Tuesday, 8 July 2014

The Prince and the Pauper

I was up with the lark this morning, eating stale sugar puffs in a shaft of early morning sunlight.

My task for the day was to travel down to Raynes Park to meet the two Jeremys and travel, by car, to a place called Bagshott House in deepest Surrey.

We arrived early, and pulled into a Premier Inn car park to see if we could find a quick drink. Bizarrely, just as we opened the car doors, the most peculiar, empty noise literally filled the sky. The only way I can describe it was as an air raid siren... Not in the distance, but right the way around us, and terrifyingly loud.

We stared at each other, making nervous jokes about World War Three, and after a couple of minutes, the sirens wound down and stopped.

We entered the Premier Inn. The woman behind the desk looked refreshingly unconcerned. "What on earth was that noise?" I asked. For a moment I thought she was going to ask what noise we were talking about, but then she smiled and said "oh the air raid siren! That's Broadmoor Prison! Every Monday at 10am they test their alarms and we're right by one of the sirens. Frankly, we'd worry if we didn't hear it! Any moment now they'll signal the all clear..." And sure enough, just as she finished the speaking, a bizarre nee-naw sound screeched through the air. It was without doubt the eeriest sound I've ever heard and triggered all sorts of childhood insecurities which only the son of a CND women could ever have!

A quick sip of tea and it was time to enter Bagshott House which, Republicans around the world will probably not realise is the home of HRH Prince Edward, youngest son of the Queen of England.

The three of us were meeting said Prince to discuss a potential project and we were welcomed in a most convivial manner by the man himself and a delightful selection of his administration staff.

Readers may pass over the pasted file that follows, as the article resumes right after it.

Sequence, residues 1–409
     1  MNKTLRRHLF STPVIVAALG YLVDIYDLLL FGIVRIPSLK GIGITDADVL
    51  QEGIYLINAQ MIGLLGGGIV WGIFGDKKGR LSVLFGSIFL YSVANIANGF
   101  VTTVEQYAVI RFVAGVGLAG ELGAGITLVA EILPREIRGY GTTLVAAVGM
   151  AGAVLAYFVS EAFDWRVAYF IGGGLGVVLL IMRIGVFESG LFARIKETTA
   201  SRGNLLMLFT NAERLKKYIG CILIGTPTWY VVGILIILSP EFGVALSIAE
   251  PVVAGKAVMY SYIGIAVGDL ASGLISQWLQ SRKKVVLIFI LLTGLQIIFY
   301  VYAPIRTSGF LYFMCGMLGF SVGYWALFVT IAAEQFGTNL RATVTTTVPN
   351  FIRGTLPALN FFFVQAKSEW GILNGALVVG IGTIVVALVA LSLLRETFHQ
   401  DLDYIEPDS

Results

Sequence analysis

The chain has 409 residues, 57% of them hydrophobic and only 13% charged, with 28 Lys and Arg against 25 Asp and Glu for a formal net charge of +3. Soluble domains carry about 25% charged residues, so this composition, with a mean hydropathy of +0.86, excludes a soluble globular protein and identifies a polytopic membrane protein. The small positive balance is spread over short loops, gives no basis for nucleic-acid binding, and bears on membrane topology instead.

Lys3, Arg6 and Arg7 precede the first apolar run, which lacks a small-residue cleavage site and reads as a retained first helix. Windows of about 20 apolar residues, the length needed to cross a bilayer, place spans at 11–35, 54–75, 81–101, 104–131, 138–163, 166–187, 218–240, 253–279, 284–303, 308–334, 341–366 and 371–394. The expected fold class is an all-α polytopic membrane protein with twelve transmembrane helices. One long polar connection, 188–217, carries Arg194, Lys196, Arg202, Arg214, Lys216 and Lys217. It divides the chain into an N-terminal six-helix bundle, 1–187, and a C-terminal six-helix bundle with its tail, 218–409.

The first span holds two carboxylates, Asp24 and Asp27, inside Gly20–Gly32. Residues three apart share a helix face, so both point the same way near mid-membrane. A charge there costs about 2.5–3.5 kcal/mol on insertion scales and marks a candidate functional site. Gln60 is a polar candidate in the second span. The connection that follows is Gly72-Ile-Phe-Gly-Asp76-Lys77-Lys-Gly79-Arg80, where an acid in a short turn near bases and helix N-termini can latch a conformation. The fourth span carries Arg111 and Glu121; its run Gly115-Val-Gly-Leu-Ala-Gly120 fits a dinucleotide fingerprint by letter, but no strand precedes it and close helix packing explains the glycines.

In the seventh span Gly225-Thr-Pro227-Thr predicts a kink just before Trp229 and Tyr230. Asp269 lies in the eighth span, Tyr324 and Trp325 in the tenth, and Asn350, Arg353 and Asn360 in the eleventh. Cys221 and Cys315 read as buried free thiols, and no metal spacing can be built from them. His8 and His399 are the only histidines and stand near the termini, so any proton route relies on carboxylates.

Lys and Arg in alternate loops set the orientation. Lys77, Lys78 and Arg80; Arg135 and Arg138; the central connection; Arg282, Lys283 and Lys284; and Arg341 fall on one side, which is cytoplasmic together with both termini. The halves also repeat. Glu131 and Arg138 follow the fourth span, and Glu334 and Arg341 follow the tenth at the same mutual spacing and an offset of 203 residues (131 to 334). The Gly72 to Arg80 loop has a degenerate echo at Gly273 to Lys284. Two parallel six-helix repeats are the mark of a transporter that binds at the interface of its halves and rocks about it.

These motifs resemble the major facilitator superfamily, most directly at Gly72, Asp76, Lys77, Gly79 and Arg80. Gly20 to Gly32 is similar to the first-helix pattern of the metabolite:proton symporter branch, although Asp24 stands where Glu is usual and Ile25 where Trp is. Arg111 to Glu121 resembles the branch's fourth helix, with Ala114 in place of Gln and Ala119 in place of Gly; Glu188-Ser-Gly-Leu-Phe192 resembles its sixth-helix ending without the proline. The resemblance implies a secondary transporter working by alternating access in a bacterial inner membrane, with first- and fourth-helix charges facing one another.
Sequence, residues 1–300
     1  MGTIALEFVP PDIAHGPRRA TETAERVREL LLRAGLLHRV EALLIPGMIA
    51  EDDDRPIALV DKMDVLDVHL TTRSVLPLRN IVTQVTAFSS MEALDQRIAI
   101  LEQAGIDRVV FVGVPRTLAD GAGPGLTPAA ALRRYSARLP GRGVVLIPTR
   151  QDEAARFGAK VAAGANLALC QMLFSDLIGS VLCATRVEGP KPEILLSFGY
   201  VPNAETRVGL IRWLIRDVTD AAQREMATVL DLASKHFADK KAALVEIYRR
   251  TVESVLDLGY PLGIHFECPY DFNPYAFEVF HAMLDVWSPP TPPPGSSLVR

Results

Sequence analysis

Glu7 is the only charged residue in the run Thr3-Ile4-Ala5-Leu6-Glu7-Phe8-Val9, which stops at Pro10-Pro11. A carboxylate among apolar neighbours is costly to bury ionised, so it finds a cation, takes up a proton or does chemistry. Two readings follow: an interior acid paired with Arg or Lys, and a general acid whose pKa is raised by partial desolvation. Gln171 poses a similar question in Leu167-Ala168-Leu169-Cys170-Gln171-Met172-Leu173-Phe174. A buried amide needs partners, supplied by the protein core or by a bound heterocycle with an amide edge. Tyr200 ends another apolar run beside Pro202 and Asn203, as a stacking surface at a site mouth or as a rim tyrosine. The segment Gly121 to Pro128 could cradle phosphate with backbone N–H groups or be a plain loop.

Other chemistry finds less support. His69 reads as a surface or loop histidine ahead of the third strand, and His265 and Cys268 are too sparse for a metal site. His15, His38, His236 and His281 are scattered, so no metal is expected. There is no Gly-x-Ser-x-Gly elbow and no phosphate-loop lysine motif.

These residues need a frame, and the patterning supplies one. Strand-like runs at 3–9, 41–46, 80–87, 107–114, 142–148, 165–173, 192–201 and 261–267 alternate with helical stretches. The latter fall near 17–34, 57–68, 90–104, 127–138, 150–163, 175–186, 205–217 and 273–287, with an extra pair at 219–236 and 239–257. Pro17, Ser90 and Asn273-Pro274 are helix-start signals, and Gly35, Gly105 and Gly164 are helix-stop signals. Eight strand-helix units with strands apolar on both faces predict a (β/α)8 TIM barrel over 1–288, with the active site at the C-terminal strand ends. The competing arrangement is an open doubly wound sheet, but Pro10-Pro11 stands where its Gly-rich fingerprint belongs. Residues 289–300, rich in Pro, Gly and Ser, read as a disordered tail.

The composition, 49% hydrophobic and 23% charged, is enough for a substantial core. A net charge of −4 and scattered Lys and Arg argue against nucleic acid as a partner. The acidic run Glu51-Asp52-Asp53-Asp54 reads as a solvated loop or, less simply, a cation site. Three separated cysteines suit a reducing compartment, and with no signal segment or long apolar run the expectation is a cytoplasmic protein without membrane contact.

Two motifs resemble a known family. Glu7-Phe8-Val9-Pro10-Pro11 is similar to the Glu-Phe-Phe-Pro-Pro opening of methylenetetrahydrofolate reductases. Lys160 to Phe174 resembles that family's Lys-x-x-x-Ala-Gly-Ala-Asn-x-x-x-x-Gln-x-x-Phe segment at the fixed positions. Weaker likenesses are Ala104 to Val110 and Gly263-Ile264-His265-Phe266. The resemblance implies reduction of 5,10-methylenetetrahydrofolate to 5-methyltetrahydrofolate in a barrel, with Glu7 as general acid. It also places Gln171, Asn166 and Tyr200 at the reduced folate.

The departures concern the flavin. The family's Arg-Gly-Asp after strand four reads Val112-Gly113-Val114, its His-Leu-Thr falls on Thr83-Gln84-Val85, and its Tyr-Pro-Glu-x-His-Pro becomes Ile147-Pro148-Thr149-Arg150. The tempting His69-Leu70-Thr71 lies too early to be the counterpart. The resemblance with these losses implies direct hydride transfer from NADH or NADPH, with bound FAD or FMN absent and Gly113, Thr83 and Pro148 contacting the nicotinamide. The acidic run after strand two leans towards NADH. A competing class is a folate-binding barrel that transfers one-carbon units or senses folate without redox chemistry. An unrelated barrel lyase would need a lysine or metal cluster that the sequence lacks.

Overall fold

The house is beautiful, and decorated inside with hundreds of ornate Indian dark wood panels which seemed entirely out of keeping with the Victorian red brick exterior.

The Prince served us coffee and biscuits in the drawing room and we nattered away for an hour or so. I was deeply impressed by how down-to-earth he seemed... And then utterly distracted by the astonishing views over glorious fields outside.

My favourite moment was when eleven o'clock happened and myriad clocks started simultaneously chiming from around the house, some with the most ornate tinkles, and, somewhere, far away, even a cuckoo clock. Two minutes later a lone clock arrived late to the party! It's funny the sounds you notice...

We returned to London, and I met Nathan at Stock Pot on Old Compton Street for a cheap lunch.  We spent the afternoon in Starbucks. Nathan knitted as I orchestrated. What a peculiar pair we are!

Tonight, in a rare evening off, we went to see our friend Luke's marvellous production of Carousel at the Arcola Theatre in Dalston. Luke is such an ingenious and creative director who uses space incredibly well. Much as I hope he'll be directing in the West End within a year, I also have to acknowledge his particular brilliance when it comes to fringe theatre. He knows how to create a wonderful atmosphere - and that's half the battle.

Carousel itself is a peculiar beast of a musical, ending as it does in an extended and rather surreal dream sequence which interrupts the narrative flow like a train crashing into buffers at the end of a platform. I didn't know the piece at all, and was utterly perplexed.

But none of this undermines Luke's work in any way, shape or form. That young man is going places. Dead cert. I was proud to know him.

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